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Probabilistic models of relational implication

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posted on 28.03.2022, 13:29 by Xavier Ricketts Holt
Knowledge bases and relational data form a powerful ontological framework for representing world knowledge. Relational data in its most basic form is a static collection of known facts. However, by learning to infer and deduct additional information and structure, we can massively increase the expressibility, generality, and usefulness of the underlying data. One common form of inferential reasoning in knowledge bases is implication discovery. Here, by learning when one relation implies another, we can implicitly extend our knowledge representation. There are several existing models for relational implication, however we argue they are sufficiently motivated but not entirely principled. To this end, we define a formal probabilistic model of relational implication. By using estimators based on the empirical distribution of our dataset, we demonstrate that our model outperforms existing approaches. While previous work achieves a best score of 0 . 7812 AUC on an evaluatory dataset, our ProbE model improves this to 0 . 7915 . Furthermore, we demonstrate that our model can be improved substantially through the use of link prediction models and dense latent representations of the underlying argument and relations. This variant, denoted ProbL, improves the state of the art on our evaluatoin dataset to 0 . 8143 . In addition to developing a new framework and providing novel scores of relational implication, we provide two pragmatic resources to assist future research. First, we motivate and develop an improved crowd framework for constructing labelled datasets of relational implication. Using this, we reannotate and make public a dataset comprised of 17 , 848 instances of labelled relational implication. We demonstrate that precision (as evaluated by expert consensus with the crowd labels) on the resulting dataset improves from 53 % to 95 %. We also argue that current implementations of link prediction models are not sufficiently scalable or parametisable. We provide a highly optimised and parallelised framework for the development and hyperparameter tuning of link prediction models, along with an implementation of a number of existing approaches.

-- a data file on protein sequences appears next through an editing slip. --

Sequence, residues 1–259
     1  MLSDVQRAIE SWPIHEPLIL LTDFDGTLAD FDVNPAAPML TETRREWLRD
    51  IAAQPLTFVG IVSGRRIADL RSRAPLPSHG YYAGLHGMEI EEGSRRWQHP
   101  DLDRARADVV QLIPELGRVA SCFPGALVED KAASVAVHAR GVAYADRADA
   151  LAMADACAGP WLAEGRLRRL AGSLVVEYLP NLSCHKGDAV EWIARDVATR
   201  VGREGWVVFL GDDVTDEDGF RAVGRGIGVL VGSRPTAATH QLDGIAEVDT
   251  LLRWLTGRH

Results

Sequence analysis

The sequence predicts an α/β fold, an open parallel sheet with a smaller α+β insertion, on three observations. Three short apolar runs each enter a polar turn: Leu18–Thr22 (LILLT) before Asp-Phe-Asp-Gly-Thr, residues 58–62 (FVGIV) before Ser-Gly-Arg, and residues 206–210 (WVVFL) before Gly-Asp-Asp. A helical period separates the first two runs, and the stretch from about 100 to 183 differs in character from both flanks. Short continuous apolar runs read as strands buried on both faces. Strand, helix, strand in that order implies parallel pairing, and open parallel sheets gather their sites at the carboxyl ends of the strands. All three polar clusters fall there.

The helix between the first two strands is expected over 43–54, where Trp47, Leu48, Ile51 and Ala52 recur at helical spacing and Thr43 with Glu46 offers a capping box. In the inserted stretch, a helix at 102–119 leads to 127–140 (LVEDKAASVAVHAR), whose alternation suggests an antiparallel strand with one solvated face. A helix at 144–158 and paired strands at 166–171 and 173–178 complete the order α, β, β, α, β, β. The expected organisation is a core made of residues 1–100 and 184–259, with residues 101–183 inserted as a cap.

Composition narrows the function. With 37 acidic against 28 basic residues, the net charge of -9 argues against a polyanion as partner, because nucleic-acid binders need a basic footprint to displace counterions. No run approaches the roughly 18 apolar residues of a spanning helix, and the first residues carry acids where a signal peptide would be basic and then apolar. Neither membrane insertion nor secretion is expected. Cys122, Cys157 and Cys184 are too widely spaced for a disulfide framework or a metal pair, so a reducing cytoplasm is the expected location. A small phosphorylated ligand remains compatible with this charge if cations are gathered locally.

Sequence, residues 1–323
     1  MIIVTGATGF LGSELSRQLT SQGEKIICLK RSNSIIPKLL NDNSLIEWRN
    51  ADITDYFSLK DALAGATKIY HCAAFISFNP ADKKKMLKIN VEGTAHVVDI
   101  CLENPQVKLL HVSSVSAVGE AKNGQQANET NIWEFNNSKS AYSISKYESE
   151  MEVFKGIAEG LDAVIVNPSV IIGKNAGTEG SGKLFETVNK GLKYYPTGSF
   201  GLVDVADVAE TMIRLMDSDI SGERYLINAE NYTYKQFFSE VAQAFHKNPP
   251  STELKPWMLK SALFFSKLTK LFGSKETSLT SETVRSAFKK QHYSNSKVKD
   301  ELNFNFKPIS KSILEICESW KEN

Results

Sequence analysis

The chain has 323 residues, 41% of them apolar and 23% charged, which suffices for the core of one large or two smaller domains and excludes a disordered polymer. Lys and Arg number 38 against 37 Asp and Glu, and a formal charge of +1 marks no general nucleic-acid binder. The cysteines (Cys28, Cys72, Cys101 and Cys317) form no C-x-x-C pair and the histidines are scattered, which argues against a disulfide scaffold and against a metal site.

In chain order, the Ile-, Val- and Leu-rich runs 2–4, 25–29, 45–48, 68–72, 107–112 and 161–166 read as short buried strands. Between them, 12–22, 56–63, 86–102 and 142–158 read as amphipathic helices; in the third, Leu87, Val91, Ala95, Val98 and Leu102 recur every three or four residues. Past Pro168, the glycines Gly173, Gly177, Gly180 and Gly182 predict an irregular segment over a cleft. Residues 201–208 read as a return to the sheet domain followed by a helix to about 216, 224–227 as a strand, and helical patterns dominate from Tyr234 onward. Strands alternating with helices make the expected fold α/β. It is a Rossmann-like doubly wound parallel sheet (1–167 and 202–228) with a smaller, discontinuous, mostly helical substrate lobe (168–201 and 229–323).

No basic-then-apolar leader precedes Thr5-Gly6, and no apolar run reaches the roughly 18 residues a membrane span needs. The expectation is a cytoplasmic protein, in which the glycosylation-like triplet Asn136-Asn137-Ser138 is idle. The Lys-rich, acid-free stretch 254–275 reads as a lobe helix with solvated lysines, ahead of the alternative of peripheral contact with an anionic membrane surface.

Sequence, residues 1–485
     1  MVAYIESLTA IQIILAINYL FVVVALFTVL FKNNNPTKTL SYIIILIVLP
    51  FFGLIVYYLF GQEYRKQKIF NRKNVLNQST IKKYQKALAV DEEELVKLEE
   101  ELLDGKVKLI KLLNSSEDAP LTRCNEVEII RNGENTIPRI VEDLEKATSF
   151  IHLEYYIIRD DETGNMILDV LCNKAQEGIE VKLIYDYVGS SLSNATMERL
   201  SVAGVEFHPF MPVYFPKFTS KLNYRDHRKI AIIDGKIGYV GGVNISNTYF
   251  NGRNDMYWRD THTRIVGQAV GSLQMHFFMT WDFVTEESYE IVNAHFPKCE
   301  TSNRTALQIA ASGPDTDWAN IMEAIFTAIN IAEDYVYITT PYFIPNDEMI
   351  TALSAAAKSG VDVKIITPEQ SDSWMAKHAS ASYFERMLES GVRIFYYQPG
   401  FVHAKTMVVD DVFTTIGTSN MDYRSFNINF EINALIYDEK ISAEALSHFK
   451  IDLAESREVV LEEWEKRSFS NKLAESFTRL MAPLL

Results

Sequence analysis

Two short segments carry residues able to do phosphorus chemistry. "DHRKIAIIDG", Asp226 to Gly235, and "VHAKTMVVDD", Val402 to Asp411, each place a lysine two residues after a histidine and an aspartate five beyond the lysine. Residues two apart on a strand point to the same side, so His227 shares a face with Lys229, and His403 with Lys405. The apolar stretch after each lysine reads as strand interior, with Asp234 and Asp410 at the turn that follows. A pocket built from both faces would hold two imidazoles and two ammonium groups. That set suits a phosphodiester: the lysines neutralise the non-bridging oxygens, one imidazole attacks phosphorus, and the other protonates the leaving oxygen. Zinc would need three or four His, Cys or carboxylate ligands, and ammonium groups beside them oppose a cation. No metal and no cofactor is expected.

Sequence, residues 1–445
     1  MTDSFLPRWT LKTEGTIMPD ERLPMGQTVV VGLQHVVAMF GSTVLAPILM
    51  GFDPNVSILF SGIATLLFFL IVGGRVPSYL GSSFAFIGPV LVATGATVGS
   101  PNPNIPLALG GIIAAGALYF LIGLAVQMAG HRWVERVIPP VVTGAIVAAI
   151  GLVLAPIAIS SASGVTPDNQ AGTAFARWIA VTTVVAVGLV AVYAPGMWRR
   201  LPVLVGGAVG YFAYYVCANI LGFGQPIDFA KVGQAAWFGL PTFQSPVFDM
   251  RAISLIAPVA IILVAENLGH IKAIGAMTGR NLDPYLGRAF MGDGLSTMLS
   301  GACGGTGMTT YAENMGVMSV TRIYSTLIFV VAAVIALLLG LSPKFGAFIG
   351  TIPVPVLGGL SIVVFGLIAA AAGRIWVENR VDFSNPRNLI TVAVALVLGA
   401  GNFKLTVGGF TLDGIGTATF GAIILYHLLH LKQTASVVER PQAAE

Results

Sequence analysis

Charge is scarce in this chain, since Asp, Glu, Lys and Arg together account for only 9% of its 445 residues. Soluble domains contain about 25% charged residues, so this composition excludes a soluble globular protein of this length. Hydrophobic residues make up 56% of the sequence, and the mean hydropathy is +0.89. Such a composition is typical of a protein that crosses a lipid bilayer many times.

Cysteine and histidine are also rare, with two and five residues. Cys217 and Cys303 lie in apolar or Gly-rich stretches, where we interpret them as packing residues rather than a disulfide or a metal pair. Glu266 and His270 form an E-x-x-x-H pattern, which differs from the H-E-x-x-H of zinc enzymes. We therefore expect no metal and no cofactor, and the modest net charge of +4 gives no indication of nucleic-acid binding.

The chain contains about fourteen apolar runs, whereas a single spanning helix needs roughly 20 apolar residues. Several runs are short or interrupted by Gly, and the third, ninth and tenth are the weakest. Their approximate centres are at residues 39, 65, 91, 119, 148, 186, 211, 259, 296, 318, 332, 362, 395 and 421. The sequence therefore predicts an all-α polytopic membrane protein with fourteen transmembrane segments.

History

Table of Contents

1. Introduction -- 2. Literature review -- 3. Method -- 4. Experiments -- 5. Conclusion -- A. Appendix: Smallworld

Notes

Theoretical thesis. Bibliography: pages 50-51

Awarding Institution

Macquarie University

Degree Type

Thesis MRes

Degree

MRes, Macquarie University, Faculty of Science, Department of Computing

Department, Centre or School

Department of Computing

Year of Award

2018

Principal Supervisor

Mark Johnson

Rights

Copyright Xavier Ricketts Holt 2018. Copyright disclaimer: http://mq.edu.au/library/copyright

Language

English

Extent

1 online resource (ix, 51 pages)

Former Identifiers

mq:71366 http://hdl.handle.net/1959.14/1273637